While voting for Police and Crime Commissioners has taken most of the attention today, the people of Bristol are also currently taking to the polls to vote for their new mayor.
The referenda on mayors held back in May were a bit of a damp squib – Bristol was the only city of those polled on the issue of introducing a mayor to vote yes. But despite going against the crowd, the significant improvement in strategic leadership that the mayoralty is likely to provide will be a very good thing.
So how should the winner of today’s vote put these freedoms to good use? Here are three suggestions:
- Make sure Bristol’s City Deal is a success. The recent negotiation that the city entered into with Whitehall has given it an excellent opportunity to tailor economic policy for its area. In the short term delivering on this Deal should be the number one economic priority for the new mayor.
- Play a co-ordinating role between policy areas and act as a figurehead. The Mayor of London is a good example of what can be achieved here. He chairs multiple London-wide boards that are responsible for economic development, such as Transport for London and the Local Enterprise Partnership. He sets the London Plan, which sets out a city wide strategy to support economic growth. And most clearly of all, he acts as a figurehead for the capital, not just for the rest of the UK but around the world. Investors know who to speak to; citizens know who to hold accountable. When asked to name the leader of London, surely few would struggle to answer.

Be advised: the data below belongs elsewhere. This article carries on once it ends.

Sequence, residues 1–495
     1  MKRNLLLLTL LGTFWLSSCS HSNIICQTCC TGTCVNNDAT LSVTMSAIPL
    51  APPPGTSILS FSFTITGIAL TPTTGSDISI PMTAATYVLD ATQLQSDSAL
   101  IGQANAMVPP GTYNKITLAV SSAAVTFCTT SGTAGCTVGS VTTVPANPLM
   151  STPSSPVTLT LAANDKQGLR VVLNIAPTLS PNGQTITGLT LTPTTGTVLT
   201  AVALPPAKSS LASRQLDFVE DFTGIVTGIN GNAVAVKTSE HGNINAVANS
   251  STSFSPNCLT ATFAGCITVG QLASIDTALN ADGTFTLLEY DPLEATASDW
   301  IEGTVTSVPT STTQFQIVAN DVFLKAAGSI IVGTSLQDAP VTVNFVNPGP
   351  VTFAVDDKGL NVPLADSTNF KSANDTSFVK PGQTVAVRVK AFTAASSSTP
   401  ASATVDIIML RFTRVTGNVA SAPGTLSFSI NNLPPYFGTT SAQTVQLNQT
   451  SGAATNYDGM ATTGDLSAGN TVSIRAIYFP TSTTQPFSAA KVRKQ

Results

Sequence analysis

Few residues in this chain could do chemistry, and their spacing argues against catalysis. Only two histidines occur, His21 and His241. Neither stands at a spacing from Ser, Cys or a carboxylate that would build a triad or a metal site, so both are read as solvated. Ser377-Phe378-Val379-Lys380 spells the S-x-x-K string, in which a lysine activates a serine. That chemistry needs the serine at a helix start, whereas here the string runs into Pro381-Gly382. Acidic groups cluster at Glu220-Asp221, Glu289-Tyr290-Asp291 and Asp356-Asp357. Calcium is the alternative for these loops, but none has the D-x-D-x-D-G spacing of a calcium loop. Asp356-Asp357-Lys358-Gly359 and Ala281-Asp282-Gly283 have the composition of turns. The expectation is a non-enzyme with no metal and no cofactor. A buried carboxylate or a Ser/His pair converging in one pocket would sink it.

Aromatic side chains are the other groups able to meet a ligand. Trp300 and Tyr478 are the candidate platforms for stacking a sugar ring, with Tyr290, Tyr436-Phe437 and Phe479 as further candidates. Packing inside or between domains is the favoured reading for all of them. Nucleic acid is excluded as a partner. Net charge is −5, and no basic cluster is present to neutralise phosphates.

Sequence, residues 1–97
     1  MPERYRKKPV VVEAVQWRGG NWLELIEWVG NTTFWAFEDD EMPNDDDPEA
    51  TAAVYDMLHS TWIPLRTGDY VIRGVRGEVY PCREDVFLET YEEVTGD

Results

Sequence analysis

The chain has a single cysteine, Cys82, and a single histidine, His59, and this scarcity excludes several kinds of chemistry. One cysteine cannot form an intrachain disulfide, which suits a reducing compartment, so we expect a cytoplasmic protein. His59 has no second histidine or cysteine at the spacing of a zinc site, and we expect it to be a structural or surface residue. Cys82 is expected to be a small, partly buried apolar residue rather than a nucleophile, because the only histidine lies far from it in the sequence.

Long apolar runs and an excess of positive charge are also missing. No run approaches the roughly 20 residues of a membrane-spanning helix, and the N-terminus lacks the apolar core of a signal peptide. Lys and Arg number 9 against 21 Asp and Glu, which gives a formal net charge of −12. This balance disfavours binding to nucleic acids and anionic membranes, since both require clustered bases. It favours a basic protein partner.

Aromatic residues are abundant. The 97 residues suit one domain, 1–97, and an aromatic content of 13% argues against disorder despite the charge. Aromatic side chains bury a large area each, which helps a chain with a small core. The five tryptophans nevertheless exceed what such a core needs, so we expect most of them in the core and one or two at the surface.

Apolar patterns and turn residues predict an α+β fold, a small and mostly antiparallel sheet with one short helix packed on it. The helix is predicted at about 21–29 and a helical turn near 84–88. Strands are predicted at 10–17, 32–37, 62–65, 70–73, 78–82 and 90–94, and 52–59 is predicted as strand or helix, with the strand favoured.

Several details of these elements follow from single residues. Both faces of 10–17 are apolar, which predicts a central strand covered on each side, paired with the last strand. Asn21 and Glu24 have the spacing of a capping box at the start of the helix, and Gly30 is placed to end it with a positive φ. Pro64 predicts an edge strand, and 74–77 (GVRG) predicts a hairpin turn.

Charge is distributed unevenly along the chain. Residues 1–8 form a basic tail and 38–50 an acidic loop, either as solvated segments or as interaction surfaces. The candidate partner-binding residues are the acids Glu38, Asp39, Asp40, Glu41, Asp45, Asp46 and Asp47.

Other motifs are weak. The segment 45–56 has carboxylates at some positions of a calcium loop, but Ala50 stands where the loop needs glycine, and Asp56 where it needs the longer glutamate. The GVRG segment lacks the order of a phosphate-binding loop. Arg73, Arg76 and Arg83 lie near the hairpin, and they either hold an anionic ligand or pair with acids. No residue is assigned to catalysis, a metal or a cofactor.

- Self-define the role. Lack of clarity around what extra a mayoralty would do is likely to have been one of the main reasons for the resounding 'no to mayors' vote in most cities back in May. But this presents a real opportunity for the Bristol mayor. The appetite shown by Government to devolve power through City Deals gives scope for further requests from the mayor’s office. Again, London acts as the case in point – the remit of the Mayor of London is much wider now than when the position was created in 2000, a remit that has been expanded incrementally over the last 12 years.
Of course, the Mayor of London covers 33 local authorities, rather than the one that the Mayor of Bristol will represent. This is a key problem of the type of mayoralty that was offered to our cities outside of London.
So over the longer term, as the mayor demonstrates the impact that they can have on the city economy, he or she should also seek to work with neighbours to augment the mayor's political coverage to one that matches the economy of the city, not an artificial boundary on a map. For those outer areas worried that this will mean too much focus on the city at the expense of more rural areas, it may be worth remembering that the first time Boris Johnson was elected mayor of London, it was on the basis of votes in the suburbs rather than the city centre.
Bristol is a vital cog in UK plc. With the strong stewardship of its new mayor it could cement its position as England's strongest performing big city outside of London. Today marks an important juncture in the city's history. Whoever is elected, the mayoralty is likely to provide significant scope to support the city and its residents to prosper in the future.
Follow Paul on twitter @Paul_Swinney